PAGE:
• Dan Pangburn

    Ice can melt because the surrounding water is warmer than it was when the water froze. The planet has warmed a lot since the last glaciation and has been warming more or less regularly since the depths of the LIA until about 2001. The assertion that it is warmer at the end of a warming period is not very profound. The observation that arctic ice is melting is evidence that warmer water got to the arctic ocean but does not mean that the planet is still warming.

    Paraphrasing Richard Feynman: Regardless of how many experts believe it or how many organizations concur, if it doesn’t agree with observation, it’s wrong.

    The IPCC and many others perceive that increased atmospheric carbon dioxide was the primary cause of global warming. Measurements demonstrate that they are wrong.

    The average global temperature trend has been flat since 2001. No amount of spin can rationalize that the temperature increase to 2001 was caused by CO2 increase but that 25.2% additional CO2 increase had no effect on the average global temperature trend after 2001.

    Without human caused global warming there can be no human caused climate change.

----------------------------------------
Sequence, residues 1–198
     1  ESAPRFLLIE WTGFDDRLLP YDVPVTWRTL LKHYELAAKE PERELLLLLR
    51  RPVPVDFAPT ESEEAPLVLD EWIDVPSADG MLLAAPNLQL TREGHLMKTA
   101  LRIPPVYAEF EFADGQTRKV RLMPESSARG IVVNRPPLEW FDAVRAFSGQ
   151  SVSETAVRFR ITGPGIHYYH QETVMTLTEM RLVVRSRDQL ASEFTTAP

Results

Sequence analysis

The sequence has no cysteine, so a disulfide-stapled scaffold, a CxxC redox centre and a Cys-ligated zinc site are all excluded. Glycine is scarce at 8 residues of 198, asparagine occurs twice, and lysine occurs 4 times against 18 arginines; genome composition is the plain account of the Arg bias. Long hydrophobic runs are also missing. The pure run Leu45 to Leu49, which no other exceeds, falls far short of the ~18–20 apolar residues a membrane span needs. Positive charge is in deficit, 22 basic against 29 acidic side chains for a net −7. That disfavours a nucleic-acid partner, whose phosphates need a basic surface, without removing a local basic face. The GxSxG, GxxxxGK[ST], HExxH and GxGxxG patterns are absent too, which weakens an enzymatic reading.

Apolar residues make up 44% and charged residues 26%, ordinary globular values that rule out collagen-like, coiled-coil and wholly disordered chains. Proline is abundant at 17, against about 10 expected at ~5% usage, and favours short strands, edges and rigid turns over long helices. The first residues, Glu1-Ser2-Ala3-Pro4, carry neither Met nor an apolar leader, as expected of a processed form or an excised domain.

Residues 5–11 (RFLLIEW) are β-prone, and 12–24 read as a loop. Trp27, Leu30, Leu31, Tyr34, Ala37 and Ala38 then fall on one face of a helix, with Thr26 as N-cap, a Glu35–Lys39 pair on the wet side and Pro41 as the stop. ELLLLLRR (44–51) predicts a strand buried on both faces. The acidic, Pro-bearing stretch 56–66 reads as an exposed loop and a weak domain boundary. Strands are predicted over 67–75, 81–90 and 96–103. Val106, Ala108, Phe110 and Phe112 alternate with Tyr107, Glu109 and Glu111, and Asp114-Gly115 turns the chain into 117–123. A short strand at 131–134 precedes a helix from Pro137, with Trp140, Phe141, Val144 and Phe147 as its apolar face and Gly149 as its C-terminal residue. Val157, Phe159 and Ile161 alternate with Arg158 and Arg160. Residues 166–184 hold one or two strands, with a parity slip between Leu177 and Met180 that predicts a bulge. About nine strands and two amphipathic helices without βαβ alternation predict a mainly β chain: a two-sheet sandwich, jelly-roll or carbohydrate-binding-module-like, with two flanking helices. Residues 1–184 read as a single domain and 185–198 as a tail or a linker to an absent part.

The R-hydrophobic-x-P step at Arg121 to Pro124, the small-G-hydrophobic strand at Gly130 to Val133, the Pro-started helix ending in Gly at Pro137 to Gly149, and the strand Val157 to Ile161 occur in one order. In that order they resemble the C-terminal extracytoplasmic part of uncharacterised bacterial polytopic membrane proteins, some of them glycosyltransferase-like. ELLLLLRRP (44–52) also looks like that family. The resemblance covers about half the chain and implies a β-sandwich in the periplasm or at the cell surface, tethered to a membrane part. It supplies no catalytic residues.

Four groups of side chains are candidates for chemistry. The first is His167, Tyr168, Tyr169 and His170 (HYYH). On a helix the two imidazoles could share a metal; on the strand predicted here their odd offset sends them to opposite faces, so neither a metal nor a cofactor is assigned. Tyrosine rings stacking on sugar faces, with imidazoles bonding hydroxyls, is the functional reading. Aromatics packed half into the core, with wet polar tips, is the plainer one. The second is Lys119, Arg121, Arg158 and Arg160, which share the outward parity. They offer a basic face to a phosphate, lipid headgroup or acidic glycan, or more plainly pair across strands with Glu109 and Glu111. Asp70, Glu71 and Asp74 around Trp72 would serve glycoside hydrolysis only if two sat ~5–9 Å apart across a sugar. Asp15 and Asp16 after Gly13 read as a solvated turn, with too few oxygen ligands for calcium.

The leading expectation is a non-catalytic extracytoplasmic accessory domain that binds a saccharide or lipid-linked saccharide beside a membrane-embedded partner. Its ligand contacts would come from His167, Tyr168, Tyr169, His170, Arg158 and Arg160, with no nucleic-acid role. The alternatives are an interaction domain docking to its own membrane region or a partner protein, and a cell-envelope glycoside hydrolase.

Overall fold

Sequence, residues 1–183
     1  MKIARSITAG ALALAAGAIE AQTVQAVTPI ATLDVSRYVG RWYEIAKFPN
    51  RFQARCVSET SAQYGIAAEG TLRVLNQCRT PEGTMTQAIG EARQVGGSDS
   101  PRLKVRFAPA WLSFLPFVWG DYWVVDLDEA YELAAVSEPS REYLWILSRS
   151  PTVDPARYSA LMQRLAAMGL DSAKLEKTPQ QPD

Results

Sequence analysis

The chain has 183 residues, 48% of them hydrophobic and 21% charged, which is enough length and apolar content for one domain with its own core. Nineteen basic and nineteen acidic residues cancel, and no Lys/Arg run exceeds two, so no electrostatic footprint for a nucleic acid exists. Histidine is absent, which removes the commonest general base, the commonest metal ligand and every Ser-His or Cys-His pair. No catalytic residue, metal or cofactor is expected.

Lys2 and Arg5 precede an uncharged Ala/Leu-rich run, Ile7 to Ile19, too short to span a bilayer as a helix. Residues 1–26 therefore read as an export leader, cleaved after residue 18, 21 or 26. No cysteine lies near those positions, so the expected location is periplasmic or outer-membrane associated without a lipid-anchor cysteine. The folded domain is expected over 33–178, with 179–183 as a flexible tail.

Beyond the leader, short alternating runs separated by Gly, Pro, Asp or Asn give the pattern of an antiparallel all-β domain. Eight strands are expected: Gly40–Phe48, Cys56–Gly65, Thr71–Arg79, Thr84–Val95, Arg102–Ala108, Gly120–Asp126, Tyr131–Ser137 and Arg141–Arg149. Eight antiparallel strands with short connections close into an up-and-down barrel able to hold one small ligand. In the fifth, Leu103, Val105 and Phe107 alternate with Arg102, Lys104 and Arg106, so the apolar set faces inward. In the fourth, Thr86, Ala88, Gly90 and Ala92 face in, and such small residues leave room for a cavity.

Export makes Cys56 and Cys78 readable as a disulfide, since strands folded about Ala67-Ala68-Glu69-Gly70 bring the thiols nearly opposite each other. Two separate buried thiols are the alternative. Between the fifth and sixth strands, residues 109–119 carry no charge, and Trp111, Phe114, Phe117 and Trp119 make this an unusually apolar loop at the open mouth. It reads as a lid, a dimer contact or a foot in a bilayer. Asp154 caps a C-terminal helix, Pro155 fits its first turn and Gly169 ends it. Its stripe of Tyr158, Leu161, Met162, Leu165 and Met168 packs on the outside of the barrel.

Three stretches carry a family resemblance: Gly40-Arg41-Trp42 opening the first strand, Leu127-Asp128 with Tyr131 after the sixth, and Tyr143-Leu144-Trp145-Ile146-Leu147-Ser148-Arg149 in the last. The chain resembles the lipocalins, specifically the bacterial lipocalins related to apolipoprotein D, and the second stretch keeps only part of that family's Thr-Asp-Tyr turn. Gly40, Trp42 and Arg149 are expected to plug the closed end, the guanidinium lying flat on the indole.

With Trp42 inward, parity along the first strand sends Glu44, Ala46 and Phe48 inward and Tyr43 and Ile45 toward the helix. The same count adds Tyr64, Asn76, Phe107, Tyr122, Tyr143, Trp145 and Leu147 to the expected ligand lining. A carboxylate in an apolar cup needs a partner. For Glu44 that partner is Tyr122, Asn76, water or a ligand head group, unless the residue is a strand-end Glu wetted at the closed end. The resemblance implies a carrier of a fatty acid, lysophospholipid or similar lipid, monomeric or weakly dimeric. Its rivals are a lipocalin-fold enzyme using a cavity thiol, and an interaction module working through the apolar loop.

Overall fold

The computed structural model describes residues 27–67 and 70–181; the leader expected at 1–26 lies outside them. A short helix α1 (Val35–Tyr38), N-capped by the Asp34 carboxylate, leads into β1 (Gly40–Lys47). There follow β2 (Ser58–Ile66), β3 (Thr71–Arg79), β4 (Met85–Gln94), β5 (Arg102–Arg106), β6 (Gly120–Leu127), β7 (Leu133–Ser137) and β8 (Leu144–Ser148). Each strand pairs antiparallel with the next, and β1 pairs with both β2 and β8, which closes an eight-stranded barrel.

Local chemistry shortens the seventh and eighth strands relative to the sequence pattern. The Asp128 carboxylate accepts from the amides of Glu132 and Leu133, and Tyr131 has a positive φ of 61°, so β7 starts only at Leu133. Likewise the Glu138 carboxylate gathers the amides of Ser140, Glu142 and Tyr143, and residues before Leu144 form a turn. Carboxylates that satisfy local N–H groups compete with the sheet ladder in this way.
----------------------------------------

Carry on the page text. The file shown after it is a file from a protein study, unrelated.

Average GLOBAL temperature anomalies are reported on the web by NOAA, GISS, Hadley, RSS and UAH. The first three all draw from the same data base of surface measurement data. The last two draw from the data base of satellite measurements. Each agency processes the data slightly differently from the others. Each believes that their way is most accurate. To avoid bias, I average all five. The averages are listed here.

    2001 0.3473
    2002 0.4278
    2003 0.4245
    2004 0.3641
    2005 0.4663
    2006 0.3930
    2007 0.4030
    2008 0.2598
    2009 0.4022
    2010 0.5298
    2011 0.3316

    A straight line (trend line) fit to this data has no slope. That means that, for over a decade, average global temperature has not changed. If the average thru July in 2012 (0.3431) is included, the slope is down.

    See other mistakes exposed by me at the Climate Realists web site.